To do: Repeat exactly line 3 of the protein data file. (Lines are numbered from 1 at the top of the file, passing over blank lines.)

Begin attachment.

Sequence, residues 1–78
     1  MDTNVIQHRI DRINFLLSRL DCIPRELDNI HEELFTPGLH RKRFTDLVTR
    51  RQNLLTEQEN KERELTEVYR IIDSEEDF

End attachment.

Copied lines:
    51  RQNLLTEQEN KERELTEVYR IIDSEEDF